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Sandy’s windstorm insurance worries

By Jay MacDonald · Bankrate.com
Tuesday, November 13, 2012
Posted: 6 am ET

Northeast homeowners may think they're out of the woods because state officials decreed that higher hurricane deductibles won't apply to damage claims on their homeowners insurance resulting from Superstorm Sandy.

Unfortunately, some homeowners are finding that their policies contain a lesser-known "windstorm deductible" that could cost them just as much out of pocket as a hurricane deductible before their homeowners insurance will kick in.

Officials in eight states and the District of Columbia waived the hurricane deductibles in their jurisdictions because the National Weather Service officially downgraded Sandy from a hurricane to a "post-tropical cyclone" before the storm made landfall Oct. 29 near Atlantic City, N.J.

Hurricane deductibles, which are separate from the base-policy deductible that typically runs $500 or $1,000, have become a common exclusion in hurricane-prone regions in recent years. Why? In part, they help keep home insurance premiums and deductibles down while mitigating catastrophic risk to insurers.

The Insurance Information Institute says most hurricane deductibles run 1 percent to 5 percent of a home's value. To put that into perspective, if you have a damage claim and your home is worth $300,000, you could be on the hook for between $3,000 and $15,000 before your homeowners insurance will pay a nickel.

But Insurance Journal reports that some homeowners are shocked to discover another deductible for "windstorm" wedged into their policy language -- and instead of being a flat-fee deductible similar to their base deductible, it too can run 1 percent to 5 percent of home value. What's worse, some are finding that their windstorm deductible may still apply to damage sustained from a nonhurricane-strength storm such as Sandy.

One New York insurance broker who requested anonymity told Insurance Journal that a customer had been denied a $10,000 claim because the damage amount was less than their windstorm deductible, which was 5 percent of their home value. When he followed up with the state, he was told that while hurricane deductibles had been waived, windstorm deductibles still applied.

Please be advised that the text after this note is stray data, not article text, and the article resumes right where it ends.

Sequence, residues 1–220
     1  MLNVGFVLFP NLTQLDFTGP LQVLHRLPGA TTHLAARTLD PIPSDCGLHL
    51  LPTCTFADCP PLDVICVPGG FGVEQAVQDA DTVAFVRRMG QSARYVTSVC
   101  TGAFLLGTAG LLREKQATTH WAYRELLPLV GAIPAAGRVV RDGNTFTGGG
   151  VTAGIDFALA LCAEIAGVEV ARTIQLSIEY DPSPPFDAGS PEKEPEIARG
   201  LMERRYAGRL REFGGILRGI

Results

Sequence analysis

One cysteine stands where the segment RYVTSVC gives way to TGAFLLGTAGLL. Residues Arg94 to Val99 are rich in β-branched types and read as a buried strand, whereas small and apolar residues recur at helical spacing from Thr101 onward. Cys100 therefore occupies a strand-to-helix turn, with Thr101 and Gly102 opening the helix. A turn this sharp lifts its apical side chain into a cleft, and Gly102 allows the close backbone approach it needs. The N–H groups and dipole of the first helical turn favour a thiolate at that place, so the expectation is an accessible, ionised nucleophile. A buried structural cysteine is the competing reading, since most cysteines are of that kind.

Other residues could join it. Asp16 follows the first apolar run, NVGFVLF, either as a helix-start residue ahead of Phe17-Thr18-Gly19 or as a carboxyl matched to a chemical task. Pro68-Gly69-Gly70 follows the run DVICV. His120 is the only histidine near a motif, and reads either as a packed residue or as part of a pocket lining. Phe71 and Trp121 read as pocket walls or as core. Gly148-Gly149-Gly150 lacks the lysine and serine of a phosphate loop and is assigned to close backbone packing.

According to Roz Binday, president of Advocate Brokerage in Scarsdale, N.Y., it's common for State Farm and Allstate -- the region's top two carriers that together insure nearly a quarter of the Northeast market -- to include in their policies windstorm deductibles in the 5-percent-of-home-value range.

However, Binday adds that homeowners insured with some of the other carriers in the region, including Chubb, Fireman's Fund, PURE, ACE and Travelers, can breathe easier because those insurers don't impose any additional deductible beyond the base-policy deductible.

If you've been blindsided by deductibles in your policy, we'd like to hear from you.

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5 Comments
Bob Lupaka
January 08, 2013 at 10:10 pm

We had water intrusion damage during the storm. Our insurer is applying the windstorm deductible which equals $25K. Our initial damage estimate is for $24K. Using WeatherUnderground http://www.wunderground.com/history/airport/KGED/2012/4/21/DailyHistory.html to lookup the weather data for 4/28 & 29 for our area shows winds at 18 mph, max winds at 26mph, with gusts to 50 mph. Walking up and down the wind ladder of mph what is the actual wind amount that triggers the decutible? 10, 20, 30 or whatever suits the insurer? My policy does not have a mph trigger stated. It should be noted that there was also almost 5" of rain over a 24 hour period.

A Spahija
December 16, 2012 at 1:52 pm

Just got our payout estimate in the mail which equaled $15,000 in damage, but our windstorm insurance needs a minimum of $18,000 in damage due to the 5 percent value of our home, these crooks cannot get away with this? how can the government allow such terrible business practices? these animals have found a loophole in the system and now the people that need to get things fixed cannot because their insurance will not pay them. Something needs to be done.

John leeson
November 24, 2012 at 12:04 pm

What were the governors intending when they waived the hurricane deductible? Were they under the impression that they were saving us from wind deductible also.

Paul Butler
November 18, 2012 at 8:15 pm

The dictionary definition of windstorm is a storm with littl or no precipitation but strong winds. Due to the extensive rainfall delivered by Sandy, the storm does not fall witnhin the meaning of "windstorm" given by dictionaries